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Newark Group v. Dopaco

IN THE UNITED STATES DISTRICT COURT FOR THE EASTERN DISTRICT OF CALIFORNIA


September 12, 2010

THE NEWARK GROUP, PLAINTIFF,
v.
DOPACO, INC., DEFENDANT.

The opinion of the court was delivered by: Garland E. Burrell, Jr. United States District Judge

ORDER DENYING DOPACO'S MOTION FOR PARTIAL SUMMARY JUDGMENT*fn1

Defendant Dopaco, Inc. ("Dopaco") filed a motion for partial summary judgment on Plaintiff The Newark Group's ("Newark") Resource Conservation and Recovery Act ("RCRA") and negligence per se claims on April 30, 2010.*fn2 (Docket No. 91.) Dopaco argues it is entitled to summary judgment on these claims because Newark cannot show that the toluene contamination at 800 West Church Street in Stockton, California (the "Property") presents an imminent and substantial endangerment to health or the environment. (Dopaco Mot. for Partial Summ. J. 2:4-7.)

Newark opposes Dopaco's motion, arguing it has demonstrated that the toluene contamination on the Property presents an imminent and substantial endangerment because it plans on demolishing the buildings on the Property, which will result in toluene exposure; and soil vapor samples indicate the presence of methane at levels that are explosive and present an asphyxiation risk. (Newark Opp'n to Mot. for Partial Summ. J. 1:21-2:9.) Newark further argues that it is entitled to partial summary judgment on its RCRA claim based upon this evidence. (Id. 7:5-7.)

Dopaco objects in its reply brief to much of the evidence upon which Newark relies to oppose the motion. Newark filed a "response" to Dopaco's reply brief to which Dopaco also objects. Since Newark's "surreply" is unauthorized it is stricken. Empire Fire and Marine Ins. Co. v. Rosenbaum, No. CV-F-06-1458 OWW/WMW, 2007 WL 951699, at *1 n.2 (E.D. Cal. Mar. 28, 2007) (stating that "[a]bsent prior authorization, a sur-reply brief is not permitted by [the]... Local Rules of Practice for the Eastern District of California"); see also Williams v. Barteau, No. 1:08-CV-546 AWI DLB, 2010 WL 1135956, at *1 n.1 (E.D. Cal. Mar. 22, 2010) (finding that the Eastern District's Local Rules do not permit surreplies); Smith v. Pac. Bell. Tel. Co., Inc., 649 F. Supp. 2d 1073, 1083-84 (E.D. Cal. 2009) (same).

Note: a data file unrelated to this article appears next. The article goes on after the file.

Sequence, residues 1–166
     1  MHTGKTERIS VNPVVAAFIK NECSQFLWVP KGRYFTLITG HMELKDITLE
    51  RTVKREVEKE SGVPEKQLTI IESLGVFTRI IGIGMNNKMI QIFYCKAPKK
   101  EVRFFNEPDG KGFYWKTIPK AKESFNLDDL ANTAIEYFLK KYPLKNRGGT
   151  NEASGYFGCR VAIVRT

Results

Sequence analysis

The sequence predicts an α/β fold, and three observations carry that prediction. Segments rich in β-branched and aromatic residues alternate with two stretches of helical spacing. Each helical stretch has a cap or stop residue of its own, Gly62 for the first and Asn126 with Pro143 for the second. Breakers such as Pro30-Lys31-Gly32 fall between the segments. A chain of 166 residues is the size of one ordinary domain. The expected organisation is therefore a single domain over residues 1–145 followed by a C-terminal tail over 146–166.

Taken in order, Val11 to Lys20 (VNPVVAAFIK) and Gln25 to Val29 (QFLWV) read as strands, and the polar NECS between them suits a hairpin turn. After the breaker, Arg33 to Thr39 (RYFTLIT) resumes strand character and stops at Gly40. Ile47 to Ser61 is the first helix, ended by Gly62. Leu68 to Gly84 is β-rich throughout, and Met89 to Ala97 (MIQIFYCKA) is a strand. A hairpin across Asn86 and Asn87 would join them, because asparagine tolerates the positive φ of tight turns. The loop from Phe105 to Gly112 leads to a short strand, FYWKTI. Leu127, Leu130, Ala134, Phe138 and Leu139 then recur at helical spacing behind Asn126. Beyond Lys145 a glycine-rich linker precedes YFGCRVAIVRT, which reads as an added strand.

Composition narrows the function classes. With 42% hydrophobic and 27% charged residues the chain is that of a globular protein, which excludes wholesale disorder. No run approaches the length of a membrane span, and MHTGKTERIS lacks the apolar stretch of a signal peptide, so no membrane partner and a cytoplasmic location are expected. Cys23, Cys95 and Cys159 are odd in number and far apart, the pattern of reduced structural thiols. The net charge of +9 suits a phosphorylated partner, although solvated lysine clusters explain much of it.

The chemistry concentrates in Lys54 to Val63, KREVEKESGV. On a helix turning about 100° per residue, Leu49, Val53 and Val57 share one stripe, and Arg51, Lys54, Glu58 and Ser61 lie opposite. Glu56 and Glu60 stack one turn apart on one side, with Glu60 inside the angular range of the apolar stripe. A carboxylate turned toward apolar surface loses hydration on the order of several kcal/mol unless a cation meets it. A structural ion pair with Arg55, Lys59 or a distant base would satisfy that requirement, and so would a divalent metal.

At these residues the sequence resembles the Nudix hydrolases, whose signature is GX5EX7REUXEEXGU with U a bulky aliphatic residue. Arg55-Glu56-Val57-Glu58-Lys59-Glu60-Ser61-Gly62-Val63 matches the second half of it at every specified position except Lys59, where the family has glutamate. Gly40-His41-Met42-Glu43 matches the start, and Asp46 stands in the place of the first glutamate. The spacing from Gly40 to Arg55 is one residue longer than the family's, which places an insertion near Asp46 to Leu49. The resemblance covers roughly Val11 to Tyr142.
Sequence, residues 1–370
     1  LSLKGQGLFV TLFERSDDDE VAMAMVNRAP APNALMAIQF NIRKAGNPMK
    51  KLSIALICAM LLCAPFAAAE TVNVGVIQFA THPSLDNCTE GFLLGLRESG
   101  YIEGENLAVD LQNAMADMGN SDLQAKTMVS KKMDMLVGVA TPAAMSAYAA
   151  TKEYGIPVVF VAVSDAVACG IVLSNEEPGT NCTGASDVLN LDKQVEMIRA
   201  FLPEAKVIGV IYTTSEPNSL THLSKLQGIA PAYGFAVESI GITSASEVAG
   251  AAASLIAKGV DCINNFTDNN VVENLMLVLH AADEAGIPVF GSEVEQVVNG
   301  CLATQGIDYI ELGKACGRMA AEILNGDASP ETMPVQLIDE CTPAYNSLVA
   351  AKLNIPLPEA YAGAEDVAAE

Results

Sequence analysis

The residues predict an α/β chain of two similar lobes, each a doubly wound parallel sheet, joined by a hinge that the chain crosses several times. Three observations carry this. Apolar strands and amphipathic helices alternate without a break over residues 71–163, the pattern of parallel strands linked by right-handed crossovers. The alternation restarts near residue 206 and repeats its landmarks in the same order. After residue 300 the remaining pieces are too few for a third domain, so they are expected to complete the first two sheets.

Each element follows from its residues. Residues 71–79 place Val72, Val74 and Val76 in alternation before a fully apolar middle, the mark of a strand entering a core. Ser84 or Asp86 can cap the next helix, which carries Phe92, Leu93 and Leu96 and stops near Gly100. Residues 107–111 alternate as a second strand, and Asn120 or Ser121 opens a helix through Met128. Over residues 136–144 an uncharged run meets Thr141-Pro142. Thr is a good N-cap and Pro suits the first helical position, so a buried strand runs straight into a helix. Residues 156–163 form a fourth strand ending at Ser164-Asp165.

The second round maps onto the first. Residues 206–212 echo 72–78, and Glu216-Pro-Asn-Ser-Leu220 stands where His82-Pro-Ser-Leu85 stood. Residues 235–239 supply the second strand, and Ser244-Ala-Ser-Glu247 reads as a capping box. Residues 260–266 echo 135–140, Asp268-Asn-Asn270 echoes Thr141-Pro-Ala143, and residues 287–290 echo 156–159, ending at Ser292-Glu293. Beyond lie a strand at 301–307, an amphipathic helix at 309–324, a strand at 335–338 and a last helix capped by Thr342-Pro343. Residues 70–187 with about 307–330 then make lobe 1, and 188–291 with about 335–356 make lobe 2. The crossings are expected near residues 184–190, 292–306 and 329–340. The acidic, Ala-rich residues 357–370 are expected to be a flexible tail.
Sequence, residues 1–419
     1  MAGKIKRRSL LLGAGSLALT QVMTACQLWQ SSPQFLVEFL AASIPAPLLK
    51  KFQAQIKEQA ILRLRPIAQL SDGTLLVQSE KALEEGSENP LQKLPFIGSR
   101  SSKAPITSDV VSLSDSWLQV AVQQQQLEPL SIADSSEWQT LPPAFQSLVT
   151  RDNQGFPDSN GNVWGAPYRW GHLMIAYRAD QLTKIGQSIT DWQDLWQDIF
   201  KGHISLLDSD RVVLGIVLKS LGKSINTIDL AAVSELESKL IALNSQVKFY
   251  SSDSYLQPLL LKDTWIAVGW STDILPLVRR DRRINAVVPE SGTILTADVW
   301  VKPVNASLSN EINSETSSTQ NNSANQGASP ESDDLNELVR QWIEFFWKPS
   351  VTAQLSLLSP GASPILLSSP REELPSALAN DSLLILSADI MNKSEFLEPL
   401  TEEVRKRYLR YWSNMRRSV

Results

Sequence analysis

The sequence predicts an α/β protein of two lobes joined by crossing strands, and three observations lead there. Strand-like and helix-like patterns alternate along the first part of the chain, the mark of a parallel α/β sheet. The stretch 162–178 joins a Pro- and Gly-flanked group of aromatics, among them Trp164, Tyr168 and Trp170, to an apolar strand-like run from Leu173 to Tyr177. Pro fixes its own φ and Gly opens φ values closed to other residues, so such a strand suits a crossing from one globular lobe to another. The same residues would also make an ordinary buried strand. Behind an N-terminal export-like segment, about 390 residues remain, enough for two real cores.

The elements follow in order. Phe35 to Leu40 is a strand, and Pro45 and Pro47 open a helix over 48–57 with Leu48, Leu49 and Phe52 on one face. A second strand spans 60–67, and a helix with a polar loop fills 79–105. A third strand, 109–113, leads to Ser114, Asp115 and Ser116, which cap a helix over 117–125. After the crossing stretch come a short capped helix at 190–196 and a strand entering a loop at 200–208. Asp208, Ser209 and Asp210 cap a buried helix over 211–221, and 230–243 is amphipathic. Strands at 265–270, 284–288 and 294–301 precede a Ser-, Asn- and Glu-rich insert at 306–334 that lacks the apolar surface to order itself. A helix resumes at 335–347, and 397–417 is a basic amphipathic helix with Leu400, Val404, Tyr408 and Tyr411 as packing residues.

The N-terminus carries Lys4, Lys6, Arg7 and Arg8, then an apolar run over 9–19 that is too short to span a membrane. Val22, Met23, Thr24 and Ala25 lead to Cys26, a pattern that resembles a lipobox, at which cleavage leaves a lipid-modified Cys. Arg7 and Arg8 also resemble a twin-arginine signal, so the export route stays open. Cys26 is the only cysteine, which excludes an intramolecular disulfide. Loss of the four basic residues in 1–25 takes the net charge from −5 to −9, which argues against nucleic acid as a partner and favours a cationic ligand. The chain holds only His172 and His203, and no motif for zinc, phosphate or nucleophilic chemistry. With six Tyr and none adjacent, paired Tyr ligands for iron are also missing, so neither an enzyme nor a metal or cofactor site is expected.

I. SUMMARY JUDGMENT LEGAL STANDARD

A party seeking summary judgment bears the initial burden of demonstrating the absence of a genuine issue of material fact for trial. Celotex Corp. v. Catrett, 477 U.S. 317, 323 (1986). If this burden is satisfied, "the non-moving party must set forth, by affidavit or as otherwise provided in [Federal] Rule [of Civil Procedure] 56, specific facts showing that there is a genuine issue for trial." T.W. Elec. Serv., Inc. v. Pacific Elec. Contractors Ass'n, 809 F.2d 626, 630 (9th Cir. 1987) (quotations and citation omitted) (emphasis in original). "When the burden of proof at trial would fall on the nonmoving party, it ordinarily is sufficient for the movant to point to a lack of evidence to go to the trier of fact on an essential element of the non-movant's claim. In that event, the nonmoving party must come forward with admissible evidence sufficient to raise a genuine issue of fact for trial in order to avoid summary judgment." Cordiano v. Metacon Gun Club, Inc., 575 F.3d 199, 204 (2nd Cir. 2009) (citations omitted); see also Town House, Inc. v. Paulino, 381 F.2d 811, 814 (9th Cir. 1967) (stating when "the burden of proof falls to the opposing party, [that party] must come forward with facts, and not allegations, to controvert the moving party's case").

All reasonable inferences that can be drawn from the facts "must be drawn in favor of the non-moving party." Bryan v. McPherson, 608 F.3d 614, 619 (9th Cir. 2010). However, only admissible evidence may be considered. See Orr v. Bank of America, NT & SA, 285 F.3d 764, 773 (9th Cir. 2002) (stating that "[a] trial court can only consider admissible evidence in ruling on a motion for summary judgment") (citations omitted); Beyene v. Coleman Sec. Services, Inc., 854 F.2d 1179, 1181 (9th Cir. 1988) (stating that "[i]t is well settled that only admissible evidence may be considered by the trial court in ruling on a motion for summary judgment").

II. PROCEDURAL HISTORY

Newark previously unsuccessfully moved for partial summary judgment on its RCRA claim, arguing in pertinent part: "since the toluene contamination on the Property is in excess of the standards set by the governmental regulatory agencies, th[e] contamination evidence is sufficient to show the existence of a hazardous waste which may present an imminent and substantial endangerment to health or the environment." (Docket No. 90 9:11-15.)

The order denying Newark's motion was filed on April 2, 2010, and concluded:

Newark fail[ed] to establish that the contamination "may present an imminent and substantial endangerment to health or the environment...."

42 U.S.C. § 6972(a)(1)(B). Newark was required to show more than just that toluene contamination exists on the Property. The risk of endangerment from the toluene contamination "must be imminent for there to be a claim under RCRA." [citation omitted]... "In sum, evidence that certain samples taken from the [Newark Property] exceeded [government] standards simply provides an inadequate basis for a jury to conclude that federal law, specifically, [RCRA's citizen suit provision, § 7002(a)(1)(B),] [42 U.S.C. § 6972(a)(1)(B)], has been violated. Absent additional evidence, the mere fact that [Newark] has produced such samples does not support a reasonable inference that [the contamination on its Property] presents an imminent and substantial endangerment" to health or the environment. [citation omitted]... (Id. 13:15-14:15.)